Elasticity - 3rd Edition - ISBN: 9780124081369, 9780124104327


3rd Edition

Theory, Applications, and Numerics

Authors: Martin Sadd
Hardcover ISBN: 9780124081369
eBook ISBN: 9780124104327
Imprint: Academic Press
Published Date: 7th February 2014
Page Count: 600
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Elasticity: Theory, Applications, and Numerics, Third Edition, continues its market-leading tradition of concisely presenting and developing the linear theory of elasticity, moving from solution methodologies, formulations, and strategies into applications of contemporary interest, such as fracture mechanics, anisotropic and composite materials, micromechanics, nonhomogeneous graded materials, and computational methods.

Developed for a one- or two-semester graduate elasticity course, this new edition has been revised with new worked examples and exercises, and new or expanded coverage of areas such as spherical anisotropy, stress contours, isochromatics, isoclinics, and stress trajectories. Using MATLAB software, numerical activities in the text are integrated with analytical problem solutions. These numerics aid in particular calculations, graphically present stress and displacement solutions to problems of interest, and conduct simple finite element calculations, enabling comparisons with previously studied analytical solutions. Online ancillary support materials for instructors include a solutions manual, image bank, and a set of PowerPoint lecture slides.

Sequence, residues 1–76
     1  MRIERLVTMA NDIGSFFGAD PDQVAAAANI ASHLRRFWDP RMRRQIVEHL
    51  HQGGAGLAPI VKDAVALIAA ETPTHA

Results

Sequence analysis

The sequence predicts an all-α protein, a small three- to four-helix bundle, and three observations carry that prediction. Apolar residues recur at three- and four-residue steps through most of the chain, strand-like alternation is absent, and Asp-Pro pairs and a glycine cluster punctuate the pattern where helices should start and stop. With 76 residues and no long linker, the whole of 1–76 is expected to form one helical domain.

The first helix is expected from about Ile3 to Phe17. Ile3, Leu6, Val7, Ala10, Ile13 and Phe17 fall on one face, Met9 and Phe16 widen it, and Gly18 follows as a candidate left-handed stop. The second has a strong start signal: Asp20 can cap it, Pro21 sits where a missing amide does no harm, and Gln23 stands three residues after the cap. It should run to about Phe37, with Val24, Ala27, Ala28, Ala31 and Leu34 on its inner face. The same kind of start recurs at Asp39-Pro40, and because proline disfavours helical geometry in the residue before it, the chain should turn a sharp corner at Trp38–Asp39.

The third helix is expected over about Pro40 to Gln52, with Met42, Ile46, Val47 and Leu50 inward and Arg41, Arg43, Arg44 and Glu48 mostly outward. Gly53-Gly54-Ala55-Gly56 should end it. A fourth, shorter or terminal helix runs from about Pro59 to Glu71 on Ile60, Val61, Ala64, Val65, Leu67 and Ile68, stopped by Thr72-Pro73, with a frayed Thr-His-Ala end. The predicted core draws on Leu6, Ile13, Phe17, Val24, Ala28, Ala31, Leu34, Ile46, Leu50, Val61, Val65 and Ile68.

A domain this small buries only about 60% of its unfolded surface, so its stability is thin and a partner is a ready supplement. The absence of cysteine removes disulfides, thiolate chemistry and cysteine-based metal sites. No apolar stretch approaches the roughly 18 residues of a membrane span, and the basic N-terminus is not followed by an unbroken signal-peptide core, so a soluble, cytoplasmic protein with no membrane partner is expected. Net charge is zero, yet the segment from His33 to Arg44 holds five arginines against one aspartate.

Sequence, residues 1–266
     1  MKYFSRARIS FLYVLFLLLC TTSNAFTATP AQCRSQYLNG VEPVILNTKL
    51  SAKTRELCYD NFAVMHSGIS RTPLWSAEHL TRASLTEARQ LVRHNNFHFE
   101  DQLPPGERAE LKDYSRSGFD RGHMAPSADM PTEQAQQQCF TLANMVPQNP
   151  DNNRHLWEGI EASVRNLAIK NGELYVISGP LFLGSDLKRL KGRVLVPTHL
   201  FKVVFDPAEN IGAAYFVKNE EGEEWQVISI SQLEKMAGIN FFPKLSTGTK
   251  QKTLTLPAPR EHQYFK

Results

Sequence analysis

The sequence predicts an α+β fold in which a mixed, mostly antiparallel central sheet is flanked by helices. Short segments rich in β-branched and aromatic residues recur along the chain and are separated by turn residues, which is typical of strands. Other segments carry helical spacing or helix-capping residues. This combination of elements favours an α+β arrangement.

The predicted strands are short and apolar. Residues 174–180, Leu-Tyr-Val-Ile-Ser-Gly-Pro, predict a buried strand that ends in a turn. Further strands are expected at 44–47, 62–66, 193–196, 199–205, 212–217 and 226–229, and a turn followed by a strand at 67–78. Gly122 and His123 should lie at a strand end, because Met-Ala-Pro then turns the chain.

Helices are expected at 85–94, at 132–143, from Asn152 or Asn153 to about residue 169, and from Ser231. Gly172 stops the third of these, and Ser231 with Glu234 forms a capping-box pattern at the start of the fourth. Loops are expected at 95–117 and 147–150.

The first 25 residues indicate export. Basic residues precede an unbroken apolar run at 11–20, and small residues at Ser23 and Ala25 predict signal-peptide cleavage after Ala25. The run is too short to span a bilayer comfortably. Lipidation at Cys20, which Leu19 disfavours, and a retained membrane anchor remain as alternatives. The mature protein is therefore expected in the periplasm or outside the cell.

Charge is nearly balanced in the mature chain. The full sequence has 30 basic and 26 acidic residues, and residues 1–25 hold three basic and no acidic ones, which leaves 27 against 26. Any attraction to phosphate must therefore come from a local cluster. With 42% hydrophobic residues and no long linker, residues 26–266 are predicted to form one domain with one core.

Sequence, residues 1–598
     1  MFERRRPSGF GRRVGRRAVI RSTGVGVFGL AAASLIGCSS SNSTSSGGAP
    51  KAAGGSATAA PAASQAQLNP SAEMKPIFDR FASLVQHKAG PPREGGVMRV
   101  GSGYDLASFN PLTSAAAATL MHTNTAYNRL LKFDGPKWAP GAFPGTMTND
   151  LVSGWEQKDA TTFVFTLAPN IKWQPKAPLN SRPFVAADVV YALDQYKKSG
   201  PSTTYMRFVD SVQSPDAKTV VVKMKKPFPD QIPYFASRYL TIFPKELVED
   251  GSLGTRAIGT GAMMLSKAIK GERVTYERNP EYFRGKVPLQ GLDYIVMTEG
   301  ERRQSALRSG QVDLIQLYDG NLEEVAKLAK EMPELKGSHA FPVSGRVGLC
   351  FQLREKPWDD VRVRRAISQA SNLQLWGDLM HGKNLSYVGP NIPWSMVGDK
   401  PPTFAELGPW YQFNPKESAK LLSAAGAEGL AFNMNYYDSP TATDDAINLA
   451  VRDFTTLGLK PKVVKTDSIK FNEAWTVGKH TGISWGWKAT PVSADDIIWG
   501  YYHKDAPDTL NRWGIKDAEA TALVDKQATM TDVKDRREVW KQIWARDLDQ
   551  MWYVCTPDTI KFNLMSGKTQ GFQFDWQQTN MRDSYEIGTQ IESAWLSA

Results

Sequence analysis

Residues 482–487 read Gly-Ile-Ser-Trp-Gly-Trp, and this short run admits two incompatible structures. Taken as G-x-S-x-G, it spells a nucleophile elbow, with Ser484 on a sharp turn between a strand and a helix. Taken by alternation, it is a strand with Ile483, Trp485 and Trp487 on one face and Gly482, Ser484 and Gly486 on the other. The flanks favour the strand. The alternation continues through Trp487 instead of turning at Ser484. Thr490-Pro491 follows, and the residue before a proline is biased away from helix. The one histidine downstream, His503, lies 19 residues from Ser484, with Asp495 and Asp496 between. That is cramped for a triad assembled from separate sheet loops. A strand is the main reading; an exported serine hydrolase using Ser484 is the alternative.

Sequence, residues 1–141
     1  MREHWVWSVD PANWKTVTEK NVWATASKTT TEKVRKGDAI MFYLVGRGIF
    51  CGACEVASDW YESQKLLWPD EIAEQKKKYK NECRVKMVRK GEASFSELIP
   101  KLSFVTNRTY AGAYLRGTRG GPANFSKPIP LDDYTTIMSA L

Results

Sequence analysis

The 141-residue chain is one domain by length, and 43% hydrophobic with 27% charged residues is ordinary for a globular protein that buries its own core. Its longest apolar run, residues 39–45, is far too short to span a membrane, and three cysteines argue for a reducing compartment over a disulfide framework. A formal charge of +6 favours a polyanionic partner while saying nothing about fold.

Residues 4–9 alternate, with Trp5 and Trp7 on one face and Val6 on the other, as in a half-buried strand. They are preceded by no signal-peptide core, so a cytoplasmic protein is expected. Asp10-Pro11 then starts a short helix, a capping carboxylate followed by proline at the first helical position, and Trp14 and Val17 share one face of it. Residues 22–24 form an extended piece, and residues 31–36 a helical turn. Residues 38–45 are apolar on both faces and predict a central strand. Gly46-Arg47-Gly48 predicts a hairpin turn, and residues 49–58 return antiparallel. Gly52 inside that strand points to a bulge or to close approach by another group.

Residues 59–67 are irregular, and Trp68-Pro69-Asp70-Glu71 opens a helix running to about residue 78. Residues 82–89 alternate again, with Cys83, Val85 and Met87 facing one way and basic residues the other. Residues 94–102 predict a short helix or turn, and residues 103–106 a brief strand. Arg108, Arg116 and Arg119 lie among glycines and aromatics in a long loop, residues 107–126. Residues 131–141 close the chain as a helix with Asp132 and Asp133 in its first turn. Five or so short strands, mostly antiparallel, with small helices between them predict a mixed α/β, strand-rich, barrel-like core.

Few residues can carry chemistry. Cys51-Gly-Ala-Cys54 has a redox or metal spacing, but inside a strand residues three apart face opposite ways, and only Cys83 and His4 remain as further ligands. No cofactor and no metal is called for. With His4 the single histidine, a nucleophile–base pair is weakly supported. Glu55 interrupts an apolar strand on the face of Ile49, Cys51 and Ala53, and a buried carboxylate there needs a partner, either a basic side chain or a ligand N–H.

Key Features

  • Thorough yet concise introduction to linear elasticity theory and applications
  • Only text providing detailed solutions to problems of nonhomogeneous/graded materials
  • New material on stress contours/lines, contact stresses, curvilinear anisotropy applications
  • Further and new integration of MATLAB software
  • Addition of many new exercises
  • Comparison of elasticity solutions with elementary theory, experimental data, and numerical simulations
  • Online solutions manual and downloadable MATLAB code


Graduate students in Mechanical, Civil, Aerospace and Materials Engineering; R&D engineers in structural and mechanical design

Table of Contents



About the Author

PART 1 Foundations and Elementary Applications

Chapter 1. Mathematical Preliminaries

1.1 Scalar, vector, matrix, and tensor definitions

1.2 Index notation

1.3 Kronecker delta and alternating symbol

1.4 Coordinate transformations

1.5 Cartesian tensors

1.6 Principal values and directions for symmetric second-order tensors

1.7 Vector, matrix, and tensor algebra

1.8 Calculus of Cartesian tensors

1.9 Orthogonal curvilinear coordinates

Chapter 2. Deformation

2.1 General deformations

2.2 Geometric construction of small deformation theory

2.3 Strain transformation

2.4 Principal strains

2.5 Spherical and deviatoric strains

2.6 Strain compatibility

2.7 Curvilinear cylindrical and spherical coordinates